Since we're in the era where we deal with LOTS and lots of information, we need some efficient ways to deal with them. In computer science, we will learn how to manipulate data and/or solve computational problems (like algorithm) in data structure!
Think of the library, it would take you all day (at least) to find a book in a messy library. But if every position of the books is marked and recorded, or the books are neatly arranged, then it would take less than a minute to find a book!
Now, this post will cover an introduction of array and big O notation (Asymptotic Upper Bound). Let's start with Big O.
- Talks about time and space.
- We use the term big O -> Asymptotic Upper Bound (Big O notation)
- The greatest or maximum term in function
- Transitivity : if f(n) = O(g(n)), and g(n) = O(h(n)), then f(n) = O(h)n)) also.
- Sums of function : if f(n) and g(n) = O(h(n)), then f(n) + g(n) = O(h(n)).
- Polynomial : let f(n) be the polynomial of degree "d", then f(n) = O(nd ).
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As I've said, there really are many ways to store the data, and array is one of them. But it is the very fundamental data structure. Now let's look at its property.
- data stored contiguously
- data accessible by an index (e.g. A[i])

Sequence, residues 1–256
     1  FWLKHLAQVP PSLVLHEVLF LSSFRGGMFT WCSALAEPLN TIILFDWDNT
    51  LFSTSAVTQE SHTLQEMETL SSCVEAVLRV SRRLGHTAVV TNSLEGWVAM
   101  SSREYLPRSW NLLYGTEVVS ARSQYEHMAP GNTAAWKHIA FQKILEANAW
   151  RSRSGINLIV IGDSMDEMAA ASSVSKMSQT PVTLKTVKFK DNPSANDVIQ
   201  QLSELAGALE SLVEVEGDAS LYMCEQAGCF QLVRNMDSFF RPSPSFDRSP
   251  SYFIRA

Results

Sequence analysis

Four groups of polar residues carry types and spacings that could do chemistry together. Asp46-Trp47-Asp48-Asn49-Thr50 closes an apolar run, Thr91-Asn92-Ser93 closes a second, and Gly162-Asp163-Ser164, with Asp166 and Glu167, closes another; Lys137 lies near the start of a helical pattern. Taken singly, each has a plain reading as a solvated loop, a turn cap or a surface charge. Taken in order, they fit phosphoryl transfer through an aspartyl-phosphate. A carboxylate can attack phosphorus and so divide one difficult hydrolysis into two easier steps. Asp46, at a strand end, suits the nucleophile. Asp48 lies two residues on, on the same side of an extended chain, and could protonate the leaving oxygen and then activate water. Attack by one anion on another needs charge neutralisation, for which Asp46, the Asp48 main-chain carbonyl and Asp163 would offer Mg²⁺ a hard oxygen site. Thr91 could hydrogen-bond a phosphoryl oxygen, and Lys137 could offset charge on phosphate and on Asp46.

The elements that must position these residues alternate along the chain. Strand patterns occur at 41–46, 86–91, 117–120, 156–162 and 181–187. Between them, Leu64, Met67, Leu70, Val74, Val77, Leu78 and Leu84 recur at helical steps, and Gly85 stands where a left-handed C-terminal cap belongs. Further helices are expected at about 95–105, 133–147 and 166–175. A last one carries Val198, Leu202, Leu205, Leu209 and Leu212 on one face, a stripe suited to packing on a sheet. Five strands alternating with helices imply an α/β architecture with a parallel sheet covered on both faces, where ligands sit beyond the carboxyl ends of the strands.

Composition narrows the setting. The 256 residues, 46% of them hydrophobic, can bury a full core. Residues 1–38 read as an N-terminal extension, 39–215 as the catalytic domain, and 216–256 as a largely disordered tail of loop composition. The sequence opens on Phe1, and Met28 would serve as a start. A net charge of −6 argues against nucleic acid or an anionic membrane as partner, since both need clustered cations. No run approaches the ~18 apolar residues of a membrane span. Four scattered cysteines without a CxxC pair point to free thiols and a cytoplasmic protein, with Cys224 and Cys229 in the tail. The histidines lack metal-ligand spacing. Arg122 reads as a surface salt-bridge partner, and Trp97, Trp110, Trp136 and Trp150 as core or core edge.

- The size of the array is determined beforehand (meaning it's fixed)
There are two types of array; ordered and unordered. What's the different? Well, the difference can be seen in the time and algorithm used to do some operations.
And here's the table to compare the two:
|Ordered Array||Unordered Array|
|Insertion||Slow (Because you have to search first, then you might have to move the element/data in the array to put the data in)||Quick (Just add to the latest position; O(1)|
|Searching||Quick (if you use binary search; O(logN), but still slow using linear search; O(N/2) -> average time used)||Slow (can only use linear search; O(N/2))|
|Deletion||Also Slow T_T (Search the chosen data using binary search; O( logN), delete, then move all the data1; O(N/2)||Slow (same process, except linear search; O(N))|
::Creating an array::
int intArray; intArray = new int;
int intArray = new int;
::Accessing Array elements::
temp = intArray; intArray = 7;
After the deletion, there will be a space between data, so the data has to be moved so there won't be a gap because arrays are contiguous. ↩